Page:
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Bryan J. Smith, Only in Ogden
Bryant Jensen of Ogden cruises to a first-place finish with a time of 2:23:11 in the Ogden Marathon on Saturday, May 18, 2013.

OGDEN — On Saturday morning, rain fell pretty hard up and down the Wasatch Front. I can imagine what most Utahns were doing at the time. They were probably sleeping in, perhaps watching Saturday morning cartoons, possibly reigniting the pilot light on their furnace units, or maybe enjoying a good book. After all, isn’t that what most of us think of doing on a rainy day?

Up in Ogden from my vantage point, there were more than 3,000 people gathered Saturday morning in a somewhat muddy field along the south fork of the Ogden River, huddled around campfires while waiting anxiously for the chance to run 26.2 miles back to Ogden where they left their cars.

I was one of them. And I was hoping like mad that the rain we were protecting ourselves from would die off shortly after the Ogden Marathon started.

It didn’t. So the only other option was to try and make the best of it.

Now there are several benefits to running a marathon, from start to finish, completely in the rain. Here are a few I thought of while sloshing my way along the river.

  1. Multitasking: It saves a ton of time. Just think about it. There is really no need to take a shower since you’re already doing just that. I don’t think I passed a single kilometer without feeling the soft supple sprinkle of rain on my face. And there wasn’t a single kilogram of my frame that wasn’t soaked at the end either.
  2. Simplified gear: There is really no need to trouble yourself with all that sunscreen, lip balm, sunglasses or sombreros. Of course this benefit could come out as a wash since we were replacing all those things with, say, plastic bags, towels, life jackets and tickets to Noah’s Ark.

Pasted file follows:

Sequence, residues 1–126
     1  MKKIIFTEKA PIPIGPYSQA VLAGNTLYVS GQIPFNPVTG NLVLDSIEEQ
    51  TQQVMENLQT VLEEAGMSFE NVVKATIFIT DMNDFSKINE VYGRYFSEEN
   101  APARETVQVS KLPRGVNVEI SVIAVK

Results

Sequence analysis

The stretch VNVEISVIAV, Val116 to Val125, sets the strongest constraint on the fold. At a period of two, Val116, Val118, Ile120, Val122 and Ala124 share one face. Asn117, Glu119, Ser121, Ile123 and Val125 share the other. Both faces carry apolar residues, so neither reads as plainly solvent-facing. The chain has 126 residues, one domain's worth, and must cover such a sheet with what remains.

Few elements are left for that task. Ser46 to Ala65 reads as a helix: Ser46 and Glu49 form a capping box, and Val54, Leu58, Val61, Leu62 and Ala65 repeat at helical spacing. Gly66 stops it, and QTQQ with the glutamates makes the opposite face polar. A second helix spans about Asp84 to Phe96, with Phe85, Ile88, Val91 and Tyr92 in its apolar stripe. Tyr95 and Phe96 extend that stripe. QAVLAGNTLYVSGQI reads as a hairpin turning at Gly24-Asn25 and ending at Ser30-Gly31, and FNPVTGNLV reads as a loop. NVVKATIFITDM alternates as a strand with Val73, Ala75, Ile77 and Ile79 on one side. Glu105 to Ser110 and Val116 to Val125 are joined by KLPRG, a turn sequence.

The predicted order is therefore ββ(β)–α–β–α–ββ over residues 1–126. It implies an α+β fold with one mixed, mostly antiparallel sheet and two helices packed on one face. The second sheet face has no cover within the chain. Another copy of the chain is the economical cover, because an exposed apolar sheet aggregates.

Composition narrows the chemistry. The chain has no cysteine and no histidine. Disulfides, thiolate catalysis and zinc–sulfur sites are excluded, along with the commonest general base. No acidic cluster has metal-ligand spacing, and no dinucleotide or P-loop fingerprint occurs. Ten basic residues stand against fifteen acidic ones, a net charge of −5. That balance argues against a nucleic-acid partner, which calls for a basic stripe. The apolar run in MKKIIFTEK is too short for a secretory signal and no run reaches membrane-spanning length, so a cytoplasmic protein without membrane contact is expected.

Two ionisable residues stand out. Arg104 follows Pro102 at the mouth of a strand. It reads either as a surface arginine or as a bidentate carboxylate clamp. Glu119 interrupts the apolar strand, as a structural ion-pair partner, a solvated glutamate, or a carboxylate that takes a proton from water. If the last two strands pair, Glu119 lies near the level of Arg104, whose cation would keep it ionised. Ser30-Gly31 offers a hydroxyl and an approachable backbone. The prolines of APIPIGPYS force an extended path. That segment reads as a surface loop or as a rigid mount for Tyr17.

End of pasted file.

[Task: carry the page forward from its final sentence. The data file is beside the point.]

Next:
3. External Cooling: Think of all the sweat you are saving. I kept seeing a scene from "Men in Black" go through my head, well sort of. It was the scene where they go to the morgue, open up an alien guy’s head, and inside there is a much smaller alien guy at the controls. I pictured it like this:
Mile 2 — Brain guy: Hey there. This guy’s already passed the 2-mile mark. Any chance we can open up the sweat glands?

Sweat Gland Operator: No need, captain. We’re showing no signs of heat.

Mile 14 — Brain guy: OK, we are well into this race now, like more than halfway. What’s going on down there?

Sweat Gland Operator: Still no readings, captain.

Mile 22 — Brain guy: Umm … how ‘bout now?

Sweat Gland Operator: Zzzzzzzzz

Bryant Jensen of Ogden seemed to have no trouble navigating the puddles and small streams. He won the men’s race with a time of 2:23:11. Devra Vierkant of Sandy was fastest among the women, completing the race in 2:48:21.

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When I came across the finish line, I noticed that there wasn’t the typical flurry of activity. The reasons were quickly obvious. About three minutes after I finished, the cold set in and I could no longer control the shivering of every muscle in my body.

The usual milling about looking for something to satisfy thirst and hunger quickly changed to getting my clothing bag and walking to my car as quickly as my shuffling legs could get me there.

Despite the unpredictable weather, the GOAL Foundation, which organizes the race, all the volunteers, the security and everyone else involved couldn’t have performed better. It was a soggy beautiful day for a race, and certainly one that I will never forget.

Brian Nicholson has completed marathons from Boston to Beijing, a host of Ragnar relays. He covers related to running, cycling, health and fitness.